I mean you have a brilliant example of a customer that you've brought on through table ordering. And maybe talk through that because that in itself is a great success story.
Darren Green (24:28):
Of course. We work with a large pub called the Beaumont Arms up in the northern parts of the country. And Beaumont Arms first of all came to us. They wanted to do online ordering for Sunday lunches and weekend trade really for some of the food offerings that they do. And it was a huge success. We put an online ordering system in place. They were able to allocate slots for their Sunday lunches. They were able to arrange their own deliveries as well for those slots. So again, not relying on an aggregator. And their sales Sunday lunches and food on Saturdays as well went sky high. They were really, really impressed with the offering that we gave them. And this is a large venue. It's not a small pub. This is 100, 150 seats outside, 200 seats inside.
Darren Green (25:15):
So we began talking to them about table ordering as well, which is another string to the Flipdish bow. And they were looking ready for the reopen after lockdown to be able to allow their customers to come back in, outside first of all for outside dining, set up their tables and be able to deliver the order from their tables through QR codes.
Darren Green (25:36):
So we set up a system with Flipdish for the Beaumont Arms. And that went live a few weeks ago when the pub's reopened for outside dining. Their takings were huge. So huge, in fact, that they had to go out instantly within days and recruit extra staff. Typically, and traditionally, excuse me, they would be taking between £8,000 and £10,000 a day from the outside tables. With the online ordering system that we put in, within the first week they were up to £17,500 a day on average. It was massive. People would order more through the tables when they're sitting down at the tables and can order more frequently. The biggest challenge for the venues is keeping up with the pace of the orders coming through, which is a lovely position to be in if you're a pub owner.
Darren Green (26:21):
But it's a huge success. What they've actually now said they're going to actually extend their outside area. They're actually going to put in like a marquee, huge great big marquee, and I think they're actually talking now about putting two in to increase their outside dining space by about another 200 seats. And then obviously they've got the indoor dining that's going to come online very shortly. And the upshot of that is as well they are also now recommending us into a lot more other establishments that they're aware of, that they've got friendly relationships with, and are promoting both Smarter WiFi and Flipdish into those venues. And we've started speaking them recently about a lot more table ordering systems. The world is buzzing for table ordering at the moment because of the times that we're in, but it's a nice complement to the online ordering system as well.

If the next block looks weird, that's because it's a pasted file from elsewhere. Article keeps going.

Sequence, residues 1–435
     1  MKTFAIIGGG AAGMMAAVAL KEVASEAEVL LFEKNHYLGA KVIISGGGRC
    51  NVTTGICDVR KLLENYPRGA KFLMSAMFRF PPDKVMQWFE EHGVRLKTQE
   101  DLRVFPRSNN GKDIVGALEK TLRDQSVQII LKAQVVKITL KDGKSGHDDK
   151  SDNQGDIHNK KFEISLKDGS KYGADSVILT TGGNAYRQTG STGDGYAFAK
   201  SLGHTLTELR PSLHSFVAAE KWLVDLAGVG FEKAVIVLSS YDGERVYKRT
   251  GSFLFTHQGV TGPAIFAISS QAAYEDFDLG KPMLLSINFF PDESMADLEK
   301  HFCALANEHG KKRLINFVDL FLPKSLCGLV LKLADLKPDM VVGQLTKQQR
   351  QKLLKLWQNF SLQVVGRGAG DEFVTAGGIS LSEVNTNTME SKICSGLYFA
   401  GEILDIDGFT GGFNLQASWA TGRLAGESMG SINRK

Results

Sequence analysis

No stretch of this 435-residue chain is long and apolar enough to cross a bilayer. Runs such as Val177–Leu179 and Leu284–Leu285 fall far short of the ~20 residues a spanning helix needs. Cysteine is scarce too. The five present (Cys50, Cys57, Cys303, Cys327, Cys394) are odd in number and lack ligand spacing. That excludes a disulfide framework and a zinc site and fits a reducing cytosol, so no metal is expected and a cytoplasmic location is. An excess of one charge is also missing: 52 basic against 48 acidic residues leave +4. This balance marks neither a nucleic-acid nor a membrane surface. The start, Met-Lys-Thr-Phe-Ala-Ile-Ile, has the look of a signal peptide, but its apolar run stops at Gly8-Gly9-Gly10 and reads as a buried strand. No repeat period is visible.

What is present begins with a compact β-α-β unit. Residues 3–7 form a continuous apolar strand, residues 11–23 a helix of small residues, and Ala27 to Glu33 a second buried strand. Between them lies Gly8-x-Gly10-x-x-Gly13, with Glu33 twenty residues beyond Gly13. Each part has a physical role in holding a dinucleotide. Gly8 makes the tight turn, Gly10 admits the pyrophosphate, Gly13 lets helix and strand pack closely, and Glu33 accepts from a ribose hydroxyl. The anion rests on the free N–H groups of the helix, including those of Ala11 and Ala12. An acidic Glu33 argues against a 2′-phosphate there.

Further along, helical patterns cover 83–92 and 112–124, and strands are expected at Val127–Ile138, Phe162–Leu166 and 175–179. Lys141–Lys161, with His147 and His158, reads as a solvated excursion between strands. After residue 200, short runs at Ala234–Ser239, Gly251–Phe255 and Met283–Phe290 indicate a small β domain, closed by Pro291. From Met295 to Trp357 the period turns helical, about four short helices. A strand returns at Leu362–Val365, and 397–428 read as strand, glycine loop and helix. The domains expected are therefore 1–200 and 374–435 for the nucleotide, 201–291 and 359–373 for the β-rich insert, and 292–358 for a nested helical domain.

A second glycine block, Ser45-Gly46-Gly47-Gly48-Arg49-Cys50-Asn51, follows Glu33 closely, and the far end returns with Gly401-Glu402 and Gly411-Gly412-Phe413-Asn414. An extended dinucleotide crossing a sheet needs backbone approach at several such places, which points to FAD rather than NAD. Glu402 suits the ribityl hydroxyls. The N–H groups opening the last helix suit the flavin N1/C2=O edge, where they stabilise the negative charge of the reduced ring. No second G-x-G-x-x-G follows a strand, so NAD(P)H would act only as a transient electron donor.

Susan Comyn (27:07):
And in fairness I suppose, this is the model that business gets business. Sorry Simon, go ahead there.
Simon Ward (27:12):
Yeah, I was just going to say that the kind of ... We get a lot of consumer data from this and we know that it increases basket size. So we know that having a device to order from will deliver higher returns per order. And also, there's a lot of misconceptions around online ordering itself in that it's geographical. But what we found is that it's not. A restaurant in the middle of nowhere will have just as good a performance in online ordering as in the middle of a city, and that usage of iOS and Android apps as well, people would think it's all via web. But probably the one good thing for that aggregators have done for us is that they have increased the amount of usage of apps for ordering food.
Simon Ward (28:02):
So when we give a restaurant a white label app, you can get as much say ... On average is about 70% of the revenue online will come through that app. And the tools that we have, I know we've touched on loyalty. The ability to send a push notification to all of your client base offering a discount for a slow Wednesday through our portal, and it'll be sent out straight away to where 70% of their online revenue comes from is an amazing tool to have and that's what you get with Flipdish.